In a recent paper in Science, Benítez-López and colleagues synthesize data from around the tropics to distill the impacts of bushmeat hunting into a striking figure: bird and mammal populations decline by 58% and 83% (respectively) as a result of hunting. But what does this number mean for wild animals, their ecosystems, and the human populations that rely on their meat?
As an interdisciplinary research group, we in the Brashares lab embrace and explore the complexity of social-ecological dynamics. Bushmeat hunting and consumption are at the center of a coupled human-natural system in which the health and security of people and ecosystems are tightly linked.
In an accompanying perspective piece in Science, Justin and I bring this interdisciplinary lens to the Benítez-López study to unpack some of the history, drivers, and consequences of hunting and associated defaunation.
As Earth’s habitats become increasingly fragmented, protecting connections between habitats is critical for sustaining healthy wildlife populations. Our new study in Journal of Animal Ecology reveals that animal behavior is a key component in planning which habitat connections are most essential for wildlife movement.
The establishment of wildlife corridors, swaths of habitat that connect core habitat areas, is a widely popular tool for enabling species to disperse from one area to another. Yet, effective placement of these linkages first requires an accurate understanding of species’ dispersal requirements and habitat preferences. Because dispersal data are often difficult to collect in the field, such connectivity assessments typically rely on the assumption that a habitat occupied by a species is representative of the landscape conditions necessary for its successful dispersal, despite recognition that what habitat an animal uses, or how the animal responds to a particular landscape feature, depends greatly on its behavioral state (e.g. resting, traveling, or feeding).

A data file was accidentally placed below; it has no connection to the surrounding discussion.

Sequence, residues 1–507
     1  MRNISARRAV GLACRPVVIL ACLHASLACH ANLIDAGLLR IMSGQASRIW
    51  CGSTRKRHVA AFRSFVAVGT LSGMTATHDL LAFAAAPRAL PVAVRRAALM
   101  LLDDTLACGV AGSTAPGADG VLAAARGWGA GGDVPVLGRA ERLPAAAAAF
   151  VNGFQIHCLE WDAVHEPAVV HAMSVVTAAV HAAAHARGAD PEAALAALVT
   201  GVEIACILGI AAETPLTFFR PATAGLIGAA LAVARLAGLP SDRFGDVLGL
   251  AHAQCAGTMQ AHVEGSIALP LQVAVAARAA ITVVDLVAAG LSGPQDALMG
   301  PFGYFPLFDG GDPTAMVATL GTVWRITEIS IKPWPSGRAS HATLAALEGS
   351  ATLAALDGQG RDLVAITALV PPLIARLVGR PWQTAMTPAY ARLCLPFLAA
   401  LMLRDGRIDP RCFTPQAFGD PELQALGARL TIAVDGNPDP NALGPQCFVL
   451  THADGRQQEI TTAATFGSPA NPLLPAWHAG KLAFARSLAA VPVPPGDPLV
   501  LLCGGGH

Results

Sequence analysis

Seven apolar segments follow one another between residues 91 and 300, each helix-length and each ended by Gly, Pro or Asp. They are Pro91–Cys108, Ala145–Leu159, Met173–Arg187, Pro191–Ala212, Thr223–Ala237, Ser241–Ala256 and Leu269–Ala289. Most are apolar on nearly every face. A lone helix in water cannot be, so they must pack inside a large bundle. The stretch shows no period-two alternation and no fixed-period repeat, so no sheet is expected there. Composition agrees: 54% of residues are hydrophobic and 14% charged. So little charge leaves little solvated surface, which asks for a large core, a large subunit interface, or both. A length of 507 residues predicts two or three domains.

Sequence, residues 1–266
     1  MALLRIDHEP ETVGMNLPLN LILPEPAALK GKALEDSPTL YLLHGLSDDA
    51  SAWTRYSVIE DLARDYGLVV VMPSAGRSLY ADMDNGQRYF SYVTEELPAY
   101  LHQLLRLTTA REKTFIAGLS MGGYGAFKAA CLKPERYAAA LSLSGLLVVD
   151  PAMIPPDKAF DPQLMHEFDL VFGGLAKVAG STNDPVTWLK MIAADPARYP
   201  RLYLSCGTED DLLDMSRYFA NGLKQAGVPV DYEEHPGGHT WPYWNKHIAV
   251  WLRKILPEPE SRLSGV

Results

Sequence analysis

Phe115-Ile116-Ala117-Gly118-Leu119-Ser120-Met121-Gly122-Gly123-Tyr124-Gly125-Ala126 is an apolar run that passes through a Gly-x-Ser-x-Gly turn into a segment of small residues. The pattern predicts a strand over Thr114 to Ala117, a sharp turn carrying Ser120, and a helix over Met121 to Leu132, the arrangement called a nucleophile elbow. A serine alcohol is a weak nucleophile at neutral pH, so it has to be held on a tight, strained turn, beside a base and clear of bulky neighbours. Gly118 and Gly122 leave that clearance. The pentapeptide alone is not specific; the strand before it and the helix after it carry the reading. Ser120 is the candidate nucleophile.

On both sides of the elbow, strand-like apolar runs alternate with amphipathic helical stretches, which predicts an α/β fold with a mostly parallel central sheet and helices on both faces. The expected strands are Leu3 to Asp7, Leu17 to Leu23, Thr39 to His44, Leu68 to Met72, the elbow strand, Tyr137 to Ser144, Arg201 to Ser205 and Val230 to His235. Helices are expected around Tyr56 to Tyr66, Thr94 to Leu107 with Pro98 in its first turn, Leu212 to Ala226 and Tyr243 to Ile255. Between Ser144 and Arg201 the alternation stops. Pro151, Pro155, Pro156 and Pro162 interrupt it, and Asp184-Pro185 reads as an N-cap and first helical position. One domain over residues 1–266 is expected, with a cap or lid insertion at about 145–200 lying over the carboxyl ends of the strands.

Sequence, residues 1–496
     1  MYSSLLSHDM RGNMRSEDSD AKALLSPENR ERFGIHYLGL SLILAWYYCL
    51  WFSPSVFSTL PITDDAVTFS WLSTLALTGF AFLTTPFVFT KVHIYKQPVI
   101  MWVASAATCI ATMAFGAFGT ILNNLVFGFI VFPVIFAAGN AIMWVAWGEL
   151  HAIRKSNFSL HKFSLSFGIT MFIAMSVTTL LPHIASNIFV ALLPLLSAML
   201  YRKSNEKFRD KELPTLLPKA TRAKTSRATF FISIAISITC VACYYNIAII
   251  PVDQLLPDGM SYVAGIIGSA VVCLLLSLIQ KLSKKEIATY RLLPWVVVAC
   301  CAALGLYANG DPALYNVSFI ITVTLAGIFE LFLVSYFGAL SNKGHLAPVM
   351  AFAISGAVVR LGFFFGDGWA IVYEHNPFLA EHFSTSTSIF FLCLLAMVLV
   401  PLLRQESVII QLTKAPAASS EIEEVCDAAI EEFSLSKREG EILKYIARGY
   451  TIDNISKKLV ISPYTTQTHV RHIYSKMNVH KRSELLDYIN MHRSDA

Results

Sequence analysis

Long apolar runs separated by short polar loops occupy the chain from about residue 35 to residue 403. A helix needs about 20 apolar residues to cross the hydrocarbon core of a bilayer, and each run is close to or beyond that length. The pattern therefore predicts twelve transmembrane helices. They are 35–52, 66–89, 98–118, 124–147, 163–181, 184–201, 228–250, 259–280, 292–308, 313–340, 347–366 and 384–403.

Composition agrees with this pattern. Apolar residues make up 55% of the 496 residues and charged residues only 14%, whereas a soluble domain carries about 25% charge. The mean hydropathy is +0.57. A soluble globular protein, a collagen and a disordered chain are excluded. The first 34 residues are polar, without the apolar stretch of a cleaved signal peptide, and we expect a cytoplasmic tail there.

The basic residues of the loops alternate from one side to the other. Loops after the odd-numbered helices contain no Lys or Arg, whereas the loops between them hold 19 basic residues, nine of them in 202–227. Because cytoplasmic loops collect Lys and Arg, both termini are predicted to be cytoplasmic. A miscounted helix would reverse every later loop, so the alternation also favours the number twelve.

In our study, we examined the sensitivity of connectivity predictions to behavioral state and tested these predictions against long-distance dispersal movements of African wild dogs, an endangered species highly sensitive to habitat fragmentation. By pairing behavioral data obtained from accelerometers with GPS location data, we measured habitat selection patterns specific to different behavioral states.
We found that wildlife corridors based on habitat preferences when the dogs were traveling protected 87% of long-distance movements, as opposed to only 33% for corridors based on general habitat preferences that did not consider behavioral state. In addition, we reviewed sixteen years of prior connectivity studies and found that most failed to incorporate behavioral information, potentially emphasizing sub-optimal linkages in the landscape.
wildlife corridors based on habitat preferences when the dogs were traveling protected 87% of long-distance movements, as opposed to only 33% for corridors based on general habitat preferences that did not consider behavioral state
The new study highlights the need to account for behavior-specific habitat preferences in conservation and corridor planning. As pressures from changing landscapes and climates continue to rise, effective corridors will become increasingly important for maintaining the viability of Earth’s wild populations.
A toxic environment is known to create health problems for people, but sick people can also create health problems for the environment. Our new research published in PNAS shows that in a fishing community with high rates of disease and declining fish stocks around Kenya’s Lake Victoria, human illness is leader to greater unsustainability in fishing practices.